About This Chapter
Standard: Display numerical data in plots on a number line, including dot plots, histograms, and box plots. (CCSS.Math.Content.6.SP.B.4)
Standard: Summarize numerical data sets in relation to their context, such as by: (CCSS.Math.Content.6.SP.B.5)
Standard: Reporting the number of observations. (CCSS.Math.Content.6.SP.B.5.A)
Standard: Describing the nature of the attribute under investigation, including how it was measured and its units of measurement. (CCSS.Math.Content.6.SP.B.5.B)
Standard: Giving quantitative measures of center (median and/or mean) and variability (interquartile range and/or mean absolute deviation), as well as describing any overall pattern and any striking deviations from the overall pattern with reference to the context in which the data were gathered. (CCSS.Math.Content.6.SP.B.5.C)
Standard: Relating the choice of measures of center and variability to the shape of the data distribution and the context in which the data were gathered. (CCSS.Math.Content.6.SP.B.5.D)
About This Chapter
Use these engaging lessons to make sure your students fully understand distributions. Once they do, they'll understand the various ways of calcualting mean, median and range and how they can be used for different circumstances. Your students will also be able to summarize data sets in relation to their context. Topics you can expect to find addressed in this chapter include:
- Understand how histograms are created and how they are used
- Construct dot plots and explain their uses
- Explain the use of box plots in statistical analysis
- Make arguments and predictions using the concept of central tendency
You can use lesson quizzes as in-class or homework review of the material covered in these videos. After mastering the topics for this standard, your students could be prepared to study more complex areas of statistics.
How to Use These Lessons in Your Classroom
Below you will find some tips as to how these lessons can be adopted into your regular curriculum to meet the Common Core Standards.
Incorporate a Classroom Activity into Your Curriculum
Have each student take the quizzes at the end of each lesson. Facilitate a class discussion and have the students create a histogram showing the range of scores, the median score and the mean score.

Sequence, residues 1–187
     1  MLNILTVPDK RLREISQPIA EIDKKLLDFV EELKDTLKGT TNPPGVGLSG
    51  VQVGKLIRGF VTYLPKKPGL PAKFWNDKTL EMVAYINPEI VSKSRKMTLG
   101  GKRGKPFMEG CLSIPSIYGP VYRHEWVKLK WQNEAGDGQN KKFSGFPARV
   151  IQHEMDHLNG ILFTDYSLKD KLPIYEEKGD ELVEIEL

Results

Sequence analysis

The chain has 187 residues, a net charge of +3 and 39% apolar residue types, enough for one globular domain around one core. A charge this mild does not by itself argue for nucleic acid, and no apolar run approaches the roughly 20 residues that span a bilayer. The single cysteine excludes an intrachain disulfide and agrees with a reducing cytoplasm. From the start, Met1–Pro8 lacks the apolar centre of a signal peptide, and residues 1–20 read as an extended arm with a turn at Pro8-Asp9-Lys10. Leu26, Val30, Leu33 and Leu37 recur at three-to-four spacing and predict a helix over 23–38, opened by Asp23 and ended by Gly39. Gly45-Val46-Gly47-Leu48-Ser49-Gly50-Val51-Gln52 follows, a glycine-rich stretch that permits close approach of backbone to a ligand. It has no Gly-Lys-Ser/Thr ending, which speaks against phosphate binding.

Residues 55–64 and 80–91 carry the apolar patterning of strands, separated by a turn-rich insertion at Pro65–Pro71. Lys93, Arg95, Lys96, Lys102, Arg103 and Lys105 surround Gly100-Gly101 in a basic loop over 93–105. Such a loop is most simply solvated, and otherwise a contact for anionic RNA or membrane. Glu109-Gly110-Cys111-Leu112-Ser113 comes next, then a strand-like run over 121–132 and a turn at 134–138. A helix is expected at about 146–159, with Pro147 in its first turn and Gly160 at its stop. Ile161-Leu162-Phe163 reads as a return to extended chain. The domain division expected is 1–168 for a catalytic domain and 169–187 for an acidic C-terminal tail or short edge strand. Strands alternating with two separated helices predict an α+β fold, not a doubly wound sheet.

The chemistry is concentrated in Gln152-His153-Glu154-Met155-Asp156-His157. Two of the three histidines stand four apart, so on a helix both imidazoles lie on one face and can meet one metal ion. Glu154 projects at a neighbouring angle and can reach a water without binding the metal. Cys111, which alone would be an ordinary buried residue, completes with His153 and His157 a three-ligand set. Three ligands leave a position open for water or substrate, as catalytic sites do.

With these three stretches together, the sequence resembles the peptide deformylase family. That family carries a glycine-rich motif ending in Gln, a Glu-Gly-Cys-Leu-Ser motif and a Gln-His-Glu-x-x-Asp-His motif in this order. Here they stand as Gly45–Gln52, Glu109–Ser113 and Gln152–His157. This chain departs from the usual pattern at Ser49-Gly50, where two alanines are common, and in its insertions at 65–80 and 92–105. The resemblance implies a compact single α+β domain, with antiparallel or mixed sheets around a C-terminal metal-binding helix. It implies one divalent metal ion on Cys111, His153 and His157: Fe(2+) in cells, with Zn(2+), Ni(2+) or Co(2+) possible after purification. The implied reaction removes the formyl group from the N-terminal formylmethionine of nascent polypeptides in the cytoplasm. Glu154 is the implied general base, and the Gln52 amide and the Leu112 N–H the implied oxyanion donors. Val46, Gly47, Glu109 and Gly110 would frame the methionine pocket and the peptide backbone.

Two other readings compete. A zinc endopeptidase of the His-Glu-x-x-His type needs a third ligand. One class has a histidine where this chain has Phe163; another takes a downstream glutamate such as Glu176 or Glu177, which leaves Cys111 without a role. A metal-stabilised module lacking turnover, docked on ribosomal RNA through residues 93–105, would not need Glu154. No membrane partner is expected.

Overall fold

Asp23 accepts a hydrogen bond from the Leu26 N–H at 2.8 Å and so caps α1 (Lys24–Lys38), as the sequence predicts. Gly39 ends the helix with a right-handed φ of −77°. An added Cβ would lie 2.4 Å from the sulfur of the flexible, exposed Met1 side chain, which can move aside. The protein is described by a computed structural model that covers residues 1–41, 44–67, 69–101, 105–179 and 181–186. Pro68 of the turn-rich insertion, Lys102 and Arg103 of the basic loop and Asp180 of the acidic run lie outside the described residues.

Assign a Group Project
Have students answer a question, such as if they have any pets at home and how many. Create a dot plot showing how many students have one pet, how many have two pets, etc. Use the same information to create a box plot. Have students work together to create posters of this dot plot and box plot.
Make a Competition
Form the class into three groups. Make a histogram station, a box plot station and a dot plot station. Write up information on index cards and leave them at each station. Have all the groups start at one station, each group selects a card and creates the chart required at each station based on the information found on the card. The first group to complete all three stations successfully wins the competition.
1. Creating & Interpreting Histograms: Process & Examples
Creating histograms can help you easily identify and interpret data. This lesson will give you several examples to better understand histograms and how to create them.
2. Creating & Interpreting Dot Plots: Process & Examples
Dot plots are a visual way to display the frequency distribution in a data set. In this lesson, you will learn how to construct a dot plot and understand its uses.
3. Creating & Interpreting Box Plots: Process & Examples
Box plots are an essential tool in statistical analysis. This lesson will help you create a box plot and understand its meaning. When you are finished, test your understanding with a short quiz!
4. Making Arguments & Predictions from Univariate Data
Univariate data is used to describe a situation or experiment; however, you can also use the data to make arguments and predictions. This lesson will show you how to use measures of central tendency to make arguments and predictions.
5. Defining the Nature of an Attribute Being Measured
When we want to do a statistical study, we need to first figure out the nature of the thing we're trying to measure. We need to determine what attribute we're going to measure, and how we're going to measure that attribute. Figuring this out can be surprisingly complex.
Earning College Credit
Did you know… We have over 200 college courses that prepare you to earn credit by exam that is accepted by over 1,500 colleges and universities. You can test out of the first two years of college and save thousands off your degree. Anyone can earn credit-by-exam regardless of age or education level.
To learn more, visit our Earning Credit Page
Transferring credit to the school of your choice
Not sure what college you want to attend yet? Study.com has thousands of articles about every imaginable degree, area of study and career path that can help you find the school that's right for you.
Other chapters within the Common Core Math Grade 6 - Statistics & Probability: Standards course